Floridians need a timeout from timeshares

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Offline Tanveer Karn

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Floridians need a timeout from timeshares
« on: March 13, 2019, 17:14:28 »
Floridians need a timeout from timeshares, those too-good-to-be-true vacation dreams that always seem to cost way more than you expected.

But if some Florida legislators (and the timeshare industry) have their way, there would be no end in sight for consumers.

State Sen. Travis Hutson has introduced SB 1430, the companion to state Rep. Wyman Duggan’s HB 435, a bad idea that would stop Florida timeshare owners from using third-party groups to help them escape bad timeshare investments.

The bill has consumer protection groups reeling and resort management companies salivating. Timeshares are so often predatory and — if this bill passes — permanent.

Timeshare pitches are as familiar to Floridians as mosquitoes and pollen. Our state is littered with hundreds of timeshares resorts, and the state is home to almost one-fourth of all timeshare resorts.


They’re promoted as a way to live your dream with a wonderful vacation getaway, but they are frequently a terrible investment with ever-soaring fees.

The legislation would guarantee timeshare companies a steady income by severely limiting owners’ exit options, effectively prohibiting businesses that help victimized timeshare owners get out of their oppressive contracts.

Too often timeshare consumers jump in with eyes bright, but then life throws them a few curveballs. They try to exit as their credit plummets amid late or missed payments, and the unit gets foreclosed. They are left with nothing but dashed dreams and a mountain of debt.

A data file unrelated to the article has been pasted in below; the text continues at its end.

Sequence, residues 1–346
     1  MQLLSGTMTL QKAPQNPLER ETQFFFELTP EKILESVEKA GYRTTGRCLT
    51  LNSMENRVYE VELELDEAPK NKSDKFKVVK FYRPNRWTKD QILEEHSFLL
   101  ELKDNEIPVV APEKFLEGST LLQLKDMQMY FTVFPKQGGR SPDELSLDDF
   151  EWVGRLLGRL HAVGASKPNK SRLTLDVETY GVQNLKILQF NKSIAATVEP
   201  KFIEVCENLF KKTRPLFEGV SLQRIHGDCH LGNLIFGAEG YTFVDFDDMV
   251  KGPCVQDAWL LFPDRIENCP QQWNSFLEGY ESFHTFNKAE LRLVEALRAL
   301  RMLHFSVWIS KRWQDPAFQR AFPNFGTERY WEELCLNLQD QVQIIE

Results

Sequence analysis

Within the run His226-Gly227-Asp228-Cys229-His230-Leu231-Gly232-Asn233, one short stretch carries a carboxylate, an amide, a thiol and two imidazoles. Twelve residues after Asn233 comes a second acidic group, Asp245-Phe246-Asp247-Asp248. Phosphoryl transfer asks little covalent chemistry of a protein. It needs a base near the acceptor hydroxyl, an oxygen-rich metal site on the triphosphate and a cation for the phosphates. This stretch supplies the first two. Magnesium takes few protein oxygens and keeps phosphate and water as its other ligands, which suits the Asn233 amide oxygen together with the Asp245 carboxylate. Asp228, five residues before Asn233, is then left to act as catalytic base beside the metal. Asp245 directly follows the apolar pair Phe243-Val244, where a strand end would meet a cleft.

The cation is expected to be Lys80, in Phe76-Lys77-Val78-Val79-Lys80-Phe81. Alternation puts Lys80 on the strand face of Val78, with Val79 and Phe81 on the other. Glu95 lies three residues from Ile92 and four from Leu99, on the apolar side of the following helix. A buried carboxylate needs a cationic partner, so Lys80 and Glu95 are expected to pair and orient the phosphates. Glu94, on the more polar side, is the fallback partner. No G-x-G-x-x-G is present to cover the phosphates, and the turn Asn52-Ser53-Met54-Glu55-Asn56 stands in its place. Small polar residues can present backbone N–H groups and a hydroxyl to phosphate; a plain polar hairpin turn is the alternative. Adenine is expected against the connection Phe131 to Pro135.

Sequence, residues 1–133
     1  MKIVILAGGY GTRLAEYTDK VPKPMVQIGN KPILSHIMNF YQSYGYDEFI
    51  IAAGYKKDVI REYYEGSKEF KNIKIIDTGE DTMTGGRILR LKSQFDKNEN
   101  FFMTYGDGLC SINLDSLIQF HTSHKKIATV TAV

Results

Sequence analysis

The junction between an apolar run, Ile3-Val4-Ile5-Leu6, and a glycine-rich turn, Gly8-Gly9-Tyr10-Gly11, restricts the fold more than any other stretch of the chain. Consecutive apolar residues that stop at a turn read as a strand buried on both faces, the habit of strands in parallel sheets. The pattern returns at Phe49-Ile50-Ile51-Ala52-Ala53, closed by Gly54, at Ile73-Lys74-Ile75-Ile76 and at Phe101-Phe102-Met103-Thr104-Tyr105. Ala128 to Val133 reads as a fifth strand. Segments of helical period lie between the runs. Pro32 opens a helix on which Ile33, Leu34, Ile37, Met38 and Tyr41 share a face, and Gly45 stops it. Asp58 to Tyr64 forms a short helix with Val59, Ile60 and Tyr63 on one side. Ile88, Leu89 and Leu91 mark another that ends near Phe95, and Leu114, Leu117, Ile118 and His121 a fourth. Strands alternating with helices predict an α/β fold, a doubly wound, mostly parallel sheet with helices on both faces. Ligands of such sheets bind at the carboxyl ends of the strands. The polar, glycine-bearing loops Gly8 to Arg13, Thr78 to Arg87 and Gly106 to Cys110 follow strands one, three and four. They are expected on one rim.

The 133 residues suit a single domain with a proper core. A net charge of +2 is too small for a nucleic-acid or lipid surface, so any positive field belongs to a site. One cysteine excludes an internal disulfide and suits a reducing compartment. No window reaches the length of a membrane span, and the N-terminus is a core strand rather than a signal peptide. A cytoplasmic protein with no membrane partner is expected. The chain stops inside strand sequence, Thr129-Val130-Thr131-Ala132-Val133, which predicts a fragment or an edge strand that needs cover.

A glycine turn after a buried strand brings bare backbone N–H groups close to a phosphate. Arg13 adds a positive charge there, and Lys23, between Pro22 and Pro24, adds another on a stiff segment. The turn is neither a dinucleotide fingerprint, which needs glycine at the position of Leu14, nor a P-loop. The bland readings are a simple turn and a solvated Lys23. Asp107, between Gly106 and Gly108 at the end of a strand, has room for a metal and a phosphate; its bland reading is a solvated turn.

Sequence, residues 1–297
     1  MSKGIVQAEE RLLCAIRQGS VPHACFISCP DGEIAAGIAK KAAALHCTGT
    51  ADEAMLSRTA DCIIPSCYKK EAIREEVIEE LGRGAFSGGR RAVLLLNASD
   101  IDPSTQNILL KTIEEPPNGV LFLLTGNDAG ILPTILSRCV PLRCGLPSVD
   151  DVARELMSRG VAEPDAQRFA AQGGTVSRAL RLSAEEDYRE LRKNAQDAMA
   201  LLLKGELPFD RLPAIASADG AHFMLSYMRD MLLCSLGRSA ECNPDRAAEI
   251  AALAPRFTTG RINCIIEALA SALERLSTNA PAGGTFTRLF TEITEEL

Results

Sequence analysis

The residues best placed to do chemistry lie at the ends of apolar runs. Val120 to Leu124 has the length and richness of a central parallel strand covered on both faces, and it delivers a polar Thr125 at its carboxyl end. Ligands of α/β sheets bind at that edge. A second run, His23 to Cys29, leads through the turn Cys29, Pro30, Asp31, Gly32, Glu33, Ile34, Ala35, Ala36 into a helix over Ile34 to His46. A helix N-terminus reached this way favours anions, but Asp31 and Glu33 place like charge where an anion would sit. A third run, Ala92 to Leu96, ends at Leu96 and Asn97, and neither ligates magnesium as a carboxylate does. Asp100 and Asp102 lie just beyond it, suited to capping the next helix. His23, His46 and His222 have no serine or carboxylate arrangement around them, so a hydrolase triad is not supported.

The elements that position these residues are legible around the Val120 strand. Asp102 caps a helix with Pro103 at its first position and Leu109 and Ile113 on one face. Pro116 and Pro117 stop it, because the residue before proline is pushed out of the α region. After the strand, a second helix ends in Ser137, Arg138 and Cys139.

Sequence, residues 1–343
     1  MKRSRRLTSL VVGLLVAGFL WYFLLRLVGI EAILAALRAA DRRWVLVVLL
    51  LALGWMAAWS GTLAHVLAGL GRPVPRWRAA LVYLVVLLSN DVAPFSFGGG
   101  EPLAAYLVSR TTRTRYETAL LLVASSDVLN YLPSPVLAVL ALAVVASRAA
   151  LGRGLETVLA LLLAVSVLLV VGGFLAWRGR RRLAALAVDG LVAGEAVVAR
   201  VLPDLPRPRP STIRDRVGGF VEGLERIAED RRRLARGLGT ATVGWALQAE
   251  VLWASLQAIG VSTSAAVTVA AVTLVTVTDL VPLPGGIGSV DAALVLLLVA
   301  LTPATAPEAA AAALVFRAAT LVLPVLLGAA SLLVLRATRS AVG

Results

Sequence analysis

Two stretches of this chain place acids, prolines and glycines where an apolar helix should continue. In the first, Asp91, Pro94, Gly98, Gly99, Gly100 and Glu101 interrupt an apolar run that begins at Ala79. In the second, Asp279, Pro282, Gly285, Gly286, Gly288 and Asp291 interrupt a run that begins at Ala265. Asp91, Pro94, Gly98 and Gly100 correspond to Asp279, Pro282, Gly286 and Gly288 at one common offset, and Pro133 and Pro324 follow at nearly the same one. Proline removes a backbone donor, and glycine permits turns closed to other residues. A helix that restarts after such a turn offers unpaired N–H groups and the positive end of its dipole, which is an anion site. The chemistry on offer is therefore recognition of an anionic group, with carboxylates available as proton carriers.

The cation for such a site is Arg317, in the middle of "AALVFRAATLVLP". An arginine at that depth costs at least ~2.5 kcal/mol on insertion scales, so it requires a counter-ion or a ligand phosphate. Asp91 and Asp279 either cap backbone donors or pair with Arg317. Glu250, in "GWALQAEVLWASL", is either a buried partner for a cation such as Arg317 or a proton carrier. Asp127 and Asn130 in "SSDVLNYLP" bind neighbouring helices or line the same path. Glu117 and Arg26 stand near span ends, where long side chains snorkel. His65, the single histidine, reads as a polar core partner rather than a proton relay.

With a little help, owners can break this costly cycle. But without that help, they are frequently stuck with their unwanted investment, shackled to a single bad decision that could set their entire financial future aflame.

Making timeshares inescapable is wrong, hurting everyday people whose dreams to own a slice of paradise can only be attained one week at a time. Floridians buy timeshares as an investment, but often when it’s time to sell, no willing buyers can be found.


And the timeshare companies are rarely willing to lend a helping hand.

By failing to protect the public and allowing businesses that can help, the Legislature traps the public. The choice for lawmakers should be clear when the session starts next week.

Lawmakers should stand up for everyday Floridians, from the elderly to the vacation-inspired working class. Don’t legislatively eliminate the companies that help get people out of bad timeshare deals. People deserve options.

Floridians who are only trying to live their dream should be protected from having to endure a bad contract with no end in sight.
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